When you think of museums in New York City, the usual Manhattan-centric suspects immediately come to mind: MoMA, The Gug, and The Met. If you’re a hardcore museum hound, two of our other favorites, The Whitney or The Frick, might dance their way onto your list. Or perhaps you have children, in which case you’ll think of The American Museum of Natural History, because you’ve seen Night at the Museum no less than a hundred times. Now, what if we told you that two of the best museums in New York City aren’t even located in Manhattan?
We always get excited when visitors start to spend time in New York City’s neighborhoods, because that’s when they discover how wonderfully schizophrenic the city is. There are so many pockets with distinct personalities, and we don’t just mean across ethnic lines like in Chinatown and Koreatown. The Upper West Side and the Upper East Side have distinctly different vibes, and friendships have fractured over the East Village vs. West Village debate. But trekking into the other boroughs is still a daunting task for many. With trendy spots like Williamsburg, Brooklyn gets all the love. But we believe Queens’ criminally underrated, westernmost residential and commercial neighborhood, Long Island City, is the perfect starter neighborhood to explore New York City’s largest borough.
For nearly five years, Anthony Bourdain worked on an ambitious, quixotic scheme to create a 155,000 square foot international night market at New York City’s Pier 57. The overwrought and ill-fated venture ultimately ended with Bourdain conceding defeat in December 2017, a mere six months shy of his tragic and untimely death. Like everyone else, I was shocked and saddened by the news of Bourdain’s suicide. But, if I’m being honest (as unpopular as this opinion may be), I didn’t feel the same way about the demise of his passion project.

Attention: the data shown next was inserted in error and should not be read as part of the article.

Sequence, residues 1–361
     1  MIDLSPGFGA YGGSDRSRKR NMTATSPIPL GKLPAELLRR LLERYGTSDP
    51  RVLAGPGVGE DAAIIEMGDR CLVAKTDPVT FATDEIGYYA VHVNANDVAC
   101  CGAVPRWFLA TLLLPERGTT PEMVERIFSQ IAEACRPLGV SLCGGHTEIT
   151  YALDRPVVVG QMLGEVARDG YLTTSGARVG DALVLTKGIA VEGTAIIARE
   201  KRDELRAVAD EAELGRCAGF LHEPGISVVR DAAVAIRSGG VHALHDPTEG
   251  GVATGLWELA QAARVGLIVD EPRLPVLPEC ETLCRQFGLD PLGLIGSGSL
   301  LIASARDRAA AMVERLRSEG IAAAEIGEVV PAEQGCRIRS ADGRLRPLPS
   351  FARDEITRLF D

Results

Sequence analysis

The Met Museum is so iconic and so synonymous with New York City that every time I approach the steps, a little highlight reel plays in my head. The scene from When Harry Met Sally where Billy Crystal says in a funny voice, “Waiter, there is too much pepper on my paprikash, but I would love to partake in your pecan pie.” Blair and Serena’s power lunches from Gossip Girl. Toulouse-Lautrec’s The Sofa. The Psycho Barn reproduction on the roof a couple of years ago. It’s where my New York City fantasy and reality worlds collide, and it never gets old. But nothing gets me more excited than trekking to the annual Costume Institute Exhibit every summer.
Wandering souls can’t always explain exactly what it is that beckons them to a particular destination. It could be the glimpse of a photograph in a magazine, or a particularly memorable description in a book. Perhaps the location was the backdrop of a popular movie, or mentioned in the lyrics of a favorite song. But I can explain exactly what it was that drew me to Greece. My parents went there on a vacation when I was a girl–the first one I could ever recall them taking, and one of the very few trips they enjoyed without the kids.
North Fork is New York’s answer to California’s Napa Valley, with over 50 wineries and an infamous Wine Trail where you can enjoy anything from an award-winning Sauvignon Blanc to a crisp rosé while being chauffeured around in a limo. We understand that wining is a serious business, but there’s so much more to do in North Fork. While calling it untouched would be quite a stretch, it’s still an easier, more charming alternative to The Hamptons. The local pride is tangible here, and they still serve up genuine hospitality everywhere you go. Here are some fun things to do: